Title graphic for Sea and Sky's astronomy reference guide, astronomers observing the night sky

Astronomy Calendar of Celestial Events
for Calendar Year 2010


This astronomy calendar of celestial events contains dates for notable celestial events including moon phases, meteor showers, eclipses, oppositions, conjunctions, and other interesting events. Most of the astronomical events on this calendar can be seen with unaided eye, although some may require a good pair of binoculars for best viewing. Many of these events and dates used here were obtained from the U.S. Naval Observatory, the NASA/Goddard Space Flight Center, and The Old Farmer's Almanac. Events on the calendar are organized by date and each is identified with an astronomy icon as outlined below. Times given in Coordinated Universal Time (UTC) must be converted to your local time. You can use the UTC clock below to figure out how many hours to add or subtract for your local time.

Legend for astronomy calendar icons


Coordinated Universal Time (UTC)

 

  • January 2, 3 - Quadrantids Meteor Shower. The Quadrantids is an above average shower, with up to 40 meteors per hour at its peak. It is thought to be produced by dust grains left behind by an extinct comet known as 2003 EH1, which was discovered in 2003. The shower runs annually from January 1-5. It peaks this year on the night of the 2nd and morning of the 3rd. Unfortunately the nearly full moon will block out all but the brightest meteors this year. Best viewing will be from a dark location after midnight. Meteors will radiate from the constellation Bootes, but can appear anywhere in the sky.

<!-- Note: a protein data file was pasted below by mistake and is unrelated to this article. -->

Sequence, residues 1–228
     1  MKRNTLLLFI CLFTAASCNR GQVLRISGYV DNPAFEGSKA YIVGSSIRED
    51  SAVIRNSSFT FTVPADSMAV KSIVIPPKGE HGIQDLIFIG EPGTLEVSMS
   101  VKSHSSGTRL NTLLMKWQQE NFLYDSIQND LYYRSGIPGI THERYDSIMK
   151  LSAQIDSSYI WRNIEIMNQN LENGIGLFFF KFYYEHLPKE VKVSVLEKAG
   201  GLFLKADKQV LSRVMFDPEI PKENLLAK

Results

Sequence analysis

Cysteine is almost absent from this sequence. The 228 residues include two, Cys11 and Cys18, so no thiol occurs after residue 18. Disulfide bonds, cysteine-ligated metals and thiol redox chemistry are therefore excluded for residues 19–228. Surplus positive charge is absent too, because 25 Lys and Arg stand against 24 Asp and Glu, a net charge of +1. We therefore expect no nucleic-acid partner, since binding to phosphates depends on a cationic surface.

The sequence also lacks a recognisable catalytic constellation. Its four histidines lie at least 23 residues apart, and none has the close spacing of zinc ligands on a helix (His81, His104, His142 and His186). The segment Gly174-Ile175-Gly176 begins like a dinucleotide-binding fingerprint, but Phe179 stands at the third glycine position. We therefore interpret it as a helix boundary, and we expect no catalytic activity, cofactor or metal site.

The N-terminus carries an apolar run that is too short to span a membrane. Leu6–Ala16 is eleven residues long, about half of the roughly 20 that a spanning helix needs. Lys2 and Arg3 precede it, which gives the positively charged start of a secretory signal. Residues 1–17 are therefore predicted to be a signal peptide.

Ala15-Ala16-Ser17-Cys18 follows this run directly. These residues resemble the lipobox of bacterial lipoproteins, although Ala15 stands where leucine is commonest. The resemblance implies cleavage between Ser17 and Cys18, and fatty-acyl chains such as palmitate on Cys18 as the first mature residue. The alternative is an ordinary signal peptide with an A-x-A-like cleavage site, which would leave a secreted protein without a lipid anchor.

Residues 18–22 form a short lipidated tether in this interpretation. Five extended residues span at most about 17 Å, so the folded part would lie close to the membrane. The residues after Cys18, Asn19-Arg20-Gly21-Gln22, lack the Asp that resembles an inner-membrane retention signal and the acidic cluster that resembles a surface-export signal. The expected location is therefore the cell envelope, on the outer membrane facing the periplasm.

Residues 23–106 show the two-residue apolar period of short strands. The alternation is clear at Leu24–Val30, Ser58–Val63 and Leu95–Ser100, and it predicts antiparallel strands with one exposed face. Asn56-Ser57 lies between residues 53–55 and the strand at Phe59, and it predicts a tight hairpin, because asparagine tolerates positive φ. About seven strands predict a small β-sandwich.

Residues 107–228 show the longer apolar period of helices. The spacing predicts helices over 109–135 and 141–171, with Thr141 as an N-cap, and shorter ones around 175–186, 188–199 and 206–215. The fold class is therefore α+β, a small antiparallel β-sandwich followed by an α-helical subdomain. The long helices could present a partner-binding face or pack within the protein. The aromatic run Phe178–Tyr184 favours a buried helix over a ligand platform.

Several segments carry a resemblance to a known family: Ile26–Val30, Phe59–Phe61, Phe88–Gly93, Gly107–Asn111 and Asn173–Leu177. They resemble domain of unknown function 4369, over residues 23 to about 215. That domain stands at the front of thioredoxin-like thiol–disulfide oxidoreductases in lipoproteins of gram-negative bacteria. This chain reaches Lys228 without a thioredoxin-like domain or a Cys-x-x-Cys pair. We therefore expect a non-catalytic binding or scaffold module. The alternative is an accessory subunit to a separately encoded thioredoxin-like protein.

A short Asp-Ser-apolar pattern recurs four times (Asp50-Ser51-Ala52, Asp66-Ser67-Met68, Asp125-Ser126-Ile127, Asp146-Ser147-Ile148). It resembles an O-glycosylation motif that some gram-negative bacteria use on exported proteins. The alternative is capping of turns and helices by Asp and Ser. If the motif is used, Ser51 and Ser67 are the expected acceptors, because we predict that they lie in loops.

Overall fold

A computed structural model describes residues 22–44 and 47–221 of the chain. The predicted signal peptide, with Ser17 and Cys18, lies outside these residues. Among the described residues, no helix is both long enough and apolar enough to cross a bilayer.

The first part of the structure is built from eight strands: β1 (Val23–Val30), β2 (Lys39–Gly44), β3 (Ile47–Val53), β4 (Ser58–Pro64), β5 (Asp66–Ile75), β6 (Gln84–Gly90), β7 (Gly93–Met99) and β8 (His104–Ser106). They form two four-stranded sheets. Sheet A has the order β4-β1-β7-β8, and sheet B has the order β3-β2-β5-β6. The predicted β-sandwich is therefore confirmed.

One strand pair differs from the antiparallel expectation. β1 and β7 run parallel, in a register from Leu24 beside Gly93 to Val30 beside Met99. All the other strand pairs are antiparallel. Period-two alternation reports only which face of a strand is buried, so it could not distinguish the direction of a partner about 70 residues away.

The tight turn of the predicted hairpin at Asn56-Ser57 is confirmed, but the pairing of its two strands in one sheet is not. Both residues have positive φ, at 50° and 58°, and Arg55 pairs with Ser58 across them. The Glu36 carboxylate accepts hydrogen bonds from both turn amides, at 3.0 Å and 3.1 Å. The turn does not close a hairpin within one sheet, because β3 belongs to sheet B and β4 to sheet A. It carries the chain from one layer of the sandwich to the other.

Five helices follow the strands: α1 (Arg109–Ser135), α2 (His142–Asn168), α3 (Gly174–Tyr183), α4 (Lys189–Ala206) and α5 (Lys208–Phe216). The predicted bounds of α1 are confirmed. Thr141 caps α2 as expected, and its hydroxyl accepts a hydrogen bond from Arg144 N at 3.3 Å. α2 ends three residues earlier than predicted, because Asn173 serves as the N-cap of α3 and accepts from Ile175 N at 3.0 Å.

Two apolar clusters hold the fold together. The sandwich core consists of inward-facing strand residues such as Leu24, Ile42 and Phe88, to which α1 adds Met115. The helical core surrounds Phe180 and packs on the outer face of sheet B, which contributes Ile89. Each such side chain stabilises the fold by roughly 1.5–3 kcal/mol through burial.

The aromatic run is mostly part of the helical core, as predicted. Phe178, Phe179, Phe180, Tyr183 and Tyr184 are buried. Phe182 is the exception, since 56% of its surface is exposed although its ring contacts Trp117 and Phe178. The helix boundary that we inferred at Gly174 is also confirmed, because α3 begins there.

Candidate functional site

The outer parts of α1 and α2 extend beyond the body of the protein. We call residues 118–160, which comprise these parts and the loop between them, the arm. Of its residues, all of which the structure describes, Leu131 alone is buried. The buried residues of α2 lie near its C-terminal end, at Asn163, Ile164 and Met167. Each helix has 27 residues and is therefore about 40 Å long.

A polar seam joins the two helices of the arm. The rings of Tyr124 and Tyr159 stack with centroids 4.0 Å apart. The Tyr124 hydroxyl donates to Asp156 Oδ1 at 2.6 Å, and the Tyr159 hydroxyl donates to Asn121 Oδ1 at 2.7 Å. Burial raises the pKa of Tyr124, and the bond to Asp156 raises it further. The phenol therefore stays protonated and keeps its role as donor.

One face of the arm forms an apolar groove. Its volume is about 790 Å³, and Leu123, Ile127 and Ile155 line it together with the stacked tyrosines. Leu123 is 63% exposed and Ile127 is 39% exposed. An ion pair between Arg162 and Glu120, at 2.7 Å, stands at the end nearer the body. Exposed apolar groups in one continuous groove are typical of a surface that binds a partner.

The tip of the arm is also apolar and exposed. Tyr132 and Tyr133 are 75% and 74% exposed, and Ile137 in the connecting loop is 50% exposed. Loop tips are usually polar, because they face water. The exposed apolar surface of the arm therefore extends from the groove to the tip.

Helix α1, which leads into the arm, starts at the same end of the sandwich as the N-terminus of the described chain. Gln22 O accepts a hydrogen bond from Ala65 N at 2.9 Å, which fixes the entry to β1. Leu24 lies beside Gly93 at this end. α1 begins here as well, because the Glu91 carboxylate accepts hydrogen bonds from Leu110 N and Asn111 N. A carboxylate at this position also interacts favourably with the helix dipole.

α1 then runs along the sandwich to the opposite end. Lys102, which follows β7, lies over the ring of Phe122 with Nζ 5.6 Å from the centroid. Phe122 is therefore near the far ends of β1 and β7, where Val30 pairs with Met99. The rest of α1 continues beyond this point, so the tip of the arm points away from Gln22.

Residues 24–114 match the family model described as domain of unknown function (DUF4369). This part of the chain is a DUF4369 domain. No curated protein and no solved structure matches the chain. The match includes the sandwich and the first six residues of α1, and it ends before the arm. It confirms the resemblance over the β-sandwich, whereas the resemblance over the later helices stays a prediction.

• January 15 - New Moon. The Moon will be directly between the Earth and the Sun and will not be visible as seen from Earth. This is the best time of the month to observe faint objects such as galaxies and star clusters because there is no moonlight to interfere.

  • January 15 - Annular Solar Eclipse. An annular solar eclipse occurs when the Moon is too far away from the Earth to completely cover the Sun. This results in a ring of light around the darkened Moon. The Sun's corona is not visible during an annular eclipse. The path of annularity will begin in central Africa and move east through the Indian Ocean, southern India, Sri Lanka, Malymar, and China. A partial eclipse will be visible throughout most eastern Africa and Asia. (NASA Map and Eclipse Information)

  • January 29 - Mars at Opposition. The red planet will be at its closest approach to Earth and its face will be fully illuminated by the Sun. This year's approach will not be quite as close as it was in historic 2003, when Mars was only 34.7 million miles away. But at only 61.7 million miles, this is the best time to view and photograph Mars for quite some time to come. A medium-sized telescope will allow you to see some of the dark details on the planet's orange surface. You may even be able to see one or both of the bright white polar ice caps.

  • January 30 - Full Moon. The Moon will be directly opposite the Earth from the Sun and will be fully illuminated as seen from Earth. This full moon will be closest and therefore the largest of the year. This full moon was known by early Native American tribes as the Full Wolf Moon because this was the time of year when hungry wolf packs howled outside their camps. This moon has also been know as the Old Moon and the Moon After Yule.

  • February 9 - Asteroid 2009 UN3 Close Approach.This asteroid is just under a kilometer in size and will pass within 14.5 times the distance from the Earth to the Moon. is should be visible in moderate or larger size telescopes near the border of the constellations Lepus and Columba. It will be a little easier to see in the Southern Hemisphere, where it will have an apparent movement of 50 arc seconds per minute, nearly fast enough to see the movement in the telescope. (Asteroid 2009 UN3 Information)